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Why We Must Pay More For The Biased BBC

by | 2nd, October 2009

biased-bbcTHE BBC does much good, and much indifferent or bad. But does that make it different to any other broadcaster? Here are two views on the huge corporation that stymies media competition and that if you want to watch telly legally in the UK you have to fund:

Johann Hari:

Let’s start with the good news. The BBC works. For just £2.60 a week, the British get a package of the best television and radio in the world. We get the best comedies, the best drama and the best news. There’s a reason why we have won seven of the past 10 international Emmies, and the BBC News website is the most popular on earth. As soon as he took power, Nicolas Sarkozy asked how he could make French broadcasting more like ours. It is a model for the world of how to create journalism that isn’t contaminated by either corporate advertisers and proprietors on one side, or state ownership on the other. Three independent polls have found that a large majority of Brits would happily pay more for it.

Here’s Peter Sissons, the BBC newsreader:

Peter Sissons, the retired BBC news presenter, last night attacked the corporation for paying huge executive salaries while allowing BBC newsrooms to become “factories” run by “poor kids”. The presenter, who left the BBC during the summer, also said that there was far too much opinion on BBC news programmes, and not enough straight reporting of facts.

Sissons, 67, who is writing an autobiography covering his career first at ITN, where he was happiest, then from 1989 at the BBC, told a Media Society dinner last night that the huge gulf between the salaries paid to the top tier at the BBC and everyone else was a real problem, especially in the 24-hour newsroom at BBC Television Centre…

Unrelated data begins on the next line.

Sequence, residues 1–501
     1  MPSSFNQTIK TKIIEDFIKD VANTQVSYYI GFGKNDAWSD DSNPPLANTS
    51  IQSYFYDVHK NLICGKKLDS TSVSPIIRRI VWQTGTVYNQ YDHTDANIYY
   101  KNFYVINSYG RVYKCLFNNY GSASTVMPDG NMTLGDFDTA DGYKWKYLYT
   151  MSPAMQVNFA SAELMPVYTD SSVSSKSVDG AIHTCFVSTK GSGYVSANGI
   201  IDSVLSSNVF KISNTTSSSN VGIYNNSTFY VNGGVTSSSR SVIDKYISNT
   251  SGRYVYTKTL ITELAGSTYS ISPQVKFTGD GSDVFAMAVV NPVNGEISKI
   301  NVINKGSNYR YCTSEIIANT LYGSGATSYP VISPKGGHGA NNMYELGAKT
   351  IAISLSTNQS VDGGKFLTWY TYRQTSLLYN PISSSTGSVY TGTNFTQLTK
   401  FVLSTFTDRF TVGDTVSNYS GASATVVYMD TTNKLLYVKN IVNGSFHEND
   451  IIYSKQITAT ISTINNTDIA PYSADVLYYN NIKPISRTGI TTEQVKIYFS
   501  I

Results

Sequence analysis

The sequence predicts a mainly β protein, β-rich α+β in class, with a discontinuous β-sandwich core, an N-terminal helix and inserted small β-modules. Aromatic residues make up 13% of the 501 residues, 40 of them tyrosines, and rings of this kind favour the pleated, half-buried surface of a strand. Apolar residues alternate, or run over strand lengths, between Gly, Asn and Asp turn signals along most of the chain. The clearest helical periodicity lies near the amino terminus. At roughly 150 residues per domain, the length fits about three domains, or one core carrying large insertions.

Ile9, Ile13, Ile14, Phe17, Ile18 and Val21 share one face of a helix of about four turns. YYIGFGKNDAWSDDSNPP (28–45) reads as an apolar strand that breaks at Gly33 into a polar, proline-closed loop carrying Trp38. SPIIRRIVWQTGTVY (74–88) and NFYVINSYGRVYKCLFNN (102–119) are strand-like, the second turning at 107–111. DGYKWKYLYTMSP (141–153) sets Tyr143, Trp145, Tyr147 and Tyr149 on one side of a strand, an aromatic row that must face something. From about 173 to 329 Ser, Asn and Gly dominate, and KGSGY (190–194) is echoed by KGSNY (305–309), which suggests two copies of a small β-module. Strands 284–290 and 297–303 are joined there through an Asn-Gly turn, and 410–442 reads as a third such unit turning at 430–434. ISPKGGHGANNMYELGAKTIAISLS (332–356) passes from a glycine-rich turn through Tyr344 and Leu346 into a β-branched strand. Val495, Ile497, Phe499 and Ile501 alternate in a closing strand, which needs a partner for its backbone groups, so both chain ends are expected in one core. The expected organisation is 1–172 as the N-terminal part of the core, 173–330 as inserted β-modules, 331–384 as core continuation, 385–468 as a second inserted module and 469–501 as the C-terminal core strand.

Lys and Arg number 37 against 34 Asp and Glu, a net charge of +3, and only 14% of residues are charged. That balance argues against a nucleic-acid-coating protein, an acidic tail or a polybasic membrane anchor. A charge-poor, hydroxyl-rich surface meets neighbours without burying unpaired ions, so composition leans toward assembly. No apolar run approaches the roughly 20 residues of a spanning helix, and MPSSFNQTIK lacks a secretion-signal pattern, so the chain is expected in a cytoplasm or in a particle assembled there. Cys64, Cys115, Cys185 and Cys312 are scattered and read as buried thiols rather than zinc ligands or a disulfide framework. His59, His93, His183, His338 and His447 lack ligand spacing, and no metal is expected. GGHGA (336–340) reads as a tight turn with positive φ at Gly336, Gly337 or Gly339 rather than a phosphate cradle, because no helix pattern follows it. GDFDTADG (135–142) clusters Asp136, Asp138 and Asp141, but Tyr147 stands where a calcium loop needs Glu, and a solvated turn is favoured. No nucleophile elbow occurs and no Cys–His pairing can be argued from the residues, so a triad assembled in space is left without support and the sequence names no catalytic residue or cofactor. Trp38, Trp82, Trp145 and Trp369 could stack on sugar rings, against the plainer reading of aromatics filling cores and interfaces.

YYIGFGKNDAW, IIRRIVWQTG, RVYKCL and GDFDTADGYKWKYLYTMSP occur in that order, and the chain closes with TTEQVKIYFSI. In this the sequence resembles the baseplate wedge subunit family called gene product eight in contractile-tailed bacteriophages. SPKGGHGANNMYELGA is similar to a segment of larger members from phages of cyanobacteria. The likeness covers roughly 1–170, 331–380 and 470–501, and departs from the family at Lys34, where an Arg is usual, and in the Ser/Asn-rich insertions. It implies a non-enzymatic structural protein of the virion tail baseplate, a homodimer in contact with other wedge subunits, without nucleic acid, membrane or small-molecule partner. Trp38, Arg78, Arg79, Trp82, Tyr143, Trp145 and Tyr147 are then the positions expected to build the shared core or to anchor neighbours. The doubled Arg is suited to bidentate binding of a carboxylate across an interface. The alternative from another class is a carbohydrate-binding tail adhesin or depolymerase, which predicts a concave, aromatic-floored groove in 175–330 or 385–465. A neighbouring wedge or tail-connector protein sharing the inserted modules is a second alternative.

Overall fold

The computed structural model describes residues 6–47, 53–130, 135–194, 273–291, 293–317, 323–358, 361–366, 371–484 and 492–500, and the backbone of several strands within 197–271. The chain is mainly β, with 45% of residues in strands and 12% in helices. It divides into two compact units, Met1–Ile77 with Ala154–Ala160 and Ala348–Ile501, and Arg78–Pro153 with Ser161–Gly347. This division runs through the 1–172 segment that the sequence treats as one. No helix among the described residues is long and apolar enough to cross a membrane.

“And then there are these panjandrums on huge numbers. If you tried to devise a way of undermining morale, you couldn’t find a better way. They [top executives] are working in the public service, and all this is taking place after we’ve found MPs with their snouts in the trough. Public service is taking second place to their pecuniary interests.”

Sissons also criticised the growing tendency of BBC journalists to offer analysis and opinion on news stories. “I say go back to basics. Report on the news,” he said. “The term reporter is the noblest word in the language, not this term ‘correspondent’. Increasingly, reporters are being invited by presenters to give their opinion. Far too much opinion is creeping into news reporting, with pay-off lines, to steer the viewer into what to think. Let them make up their own minds on the facts.”

He makes a good point – if the newsreaders are not telling you what to think by widening and narrowing their eyes like a nursey school teacher reading the Big Bad Wolf, the news is shaped by an agenda.

Two questions: who made Israel the BBC’s lead news story? And why?,

Spotter: Biased BBC



Posted: 2nd, October 2009 | In: Reviews Comment | Follow the Comments on our RSS feed: RSS 2.0 | TrackBack | Permalink